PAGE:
A New Post to Celebrate the New Year- Different "baits" to Attract and Induce Egg-Laying Behavior of the Black Soldier Fly
Hello Everyone- I hope you all are well and enjoying a wonderful new year!
I believe 2017 was a great year for BSF- the blog has been a lot of fun and a success (averaging 6,000 to 8,000 reads per month)- My hope it is serving a role with the BSF community.
But I am optimistic 2018 will be even better. The frequency of BSF publications is ever increasing- and I will do my best to stay on top of everything and make sure to convey these papers and their major findings to you as quickly as possible.
With that said- a paper that just came out examined different "attractants" for ovipositing (egg-laying) BSF.
Comparison of the performance of different baiting attractants in the egg laying activity of the black soldier fly (Hermetia illucens L.)
This study was conducted by researchers in Kenya (awesome to see such a global effort exploring BSF and its benefits) and published in the Journal of Entomology and Zoology Studies.
Basically, the authors wanted to explore different attractants for ovipositing BSF. They used fish, fruit, cow manure, and frass (larval manure - in this case most likely they used larval frass mixed with digest- distillers’ grains and cookies mixture).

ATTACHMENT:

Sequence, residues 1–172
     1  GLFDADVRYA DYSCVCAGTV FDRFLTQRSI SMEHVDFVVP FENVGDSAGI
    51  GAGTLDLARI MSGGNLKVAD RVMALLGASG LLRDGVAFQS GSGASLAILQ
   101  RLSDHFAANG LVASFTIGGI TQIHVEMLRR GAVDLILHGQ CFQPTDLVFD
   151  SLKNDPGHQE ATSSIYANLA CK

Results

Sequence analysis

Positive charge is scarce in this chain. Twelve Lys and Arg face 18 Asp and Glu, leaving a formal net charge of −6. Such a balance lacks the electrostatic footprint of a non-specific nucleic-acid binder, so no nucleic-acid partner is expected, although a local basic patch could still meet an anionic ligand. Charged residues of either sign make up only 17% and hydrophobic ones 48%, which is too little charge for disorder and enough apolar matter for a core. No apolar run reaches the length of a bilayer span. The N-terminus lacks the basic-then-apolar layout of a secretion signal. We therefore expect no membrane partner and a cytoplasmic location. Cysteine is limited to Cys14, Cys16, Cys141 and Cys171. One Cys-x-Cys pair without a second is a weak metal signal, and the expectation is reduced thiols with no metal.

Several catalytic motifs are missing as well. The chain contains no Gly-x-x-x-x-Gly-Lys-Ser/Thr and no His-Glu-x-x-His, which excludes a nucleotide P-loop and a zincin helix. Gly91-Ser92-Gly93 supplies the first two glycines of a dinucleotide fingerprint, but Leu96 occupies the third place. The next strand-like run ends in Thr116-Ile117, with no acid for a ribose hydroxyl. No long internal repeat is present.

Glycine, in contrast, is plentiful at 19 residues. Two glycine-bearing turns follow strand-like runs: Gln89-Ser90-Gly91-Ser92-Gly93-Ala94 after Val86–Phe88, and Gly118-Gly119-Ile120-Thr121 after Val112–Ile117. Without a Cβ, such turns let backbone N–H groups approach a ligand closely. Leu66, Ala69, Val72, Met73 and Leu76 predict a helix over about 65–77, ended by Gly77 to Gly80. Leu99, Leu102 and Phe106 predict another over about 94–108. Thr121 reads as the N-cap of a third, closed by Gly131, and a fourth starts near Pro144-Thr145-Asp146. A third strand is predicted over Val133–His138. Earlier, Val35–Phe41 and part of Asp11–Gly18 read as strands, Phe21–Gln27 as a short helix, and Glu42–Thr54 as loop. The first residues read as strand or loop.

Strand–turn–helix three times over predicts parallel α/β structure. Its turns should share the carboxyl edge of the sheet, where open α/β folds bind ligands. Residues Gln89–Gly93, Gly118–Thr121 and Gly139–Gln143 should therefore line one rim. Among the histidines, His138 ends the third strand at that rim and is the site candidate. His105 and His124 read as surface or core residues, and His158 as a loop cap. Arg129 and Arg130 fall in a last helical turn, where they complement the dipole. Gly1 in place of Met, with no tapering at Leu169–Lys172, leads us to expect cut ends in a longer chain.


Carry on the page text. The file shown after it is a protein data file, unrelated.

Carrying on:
They placed these materials individually in containers and then examined the grams of eggs deposited in egg traps associated with each container.
What did they find?
1. These materials were attractive and adults did lay eggs.
2. Manure had the greatest amount (g) of eggs deposited.
3. Frass was second in terms of attraction
The challenge with these results is the level of variation across treatments. Based on the figure, the level of variation would indicate these resources were equally attractive so concluding one is more attractive than another is difficult.
What this work does demonstrate is the larval substrate does play a role in terms of attracting egg-laying adults. So, if someone wanted to tackle a critical question to BSF mass production- I think this would be a great topic.
Imagine if you could get flies to lay eggs where you wanted... precisely.
Jeffery K Tomberlin, PhD, BSF Egger
Individuals with over 25 years research experience with the black soldier fly. We are passionate about the science behind the black soldier fly and its ability to convert waste to protein.
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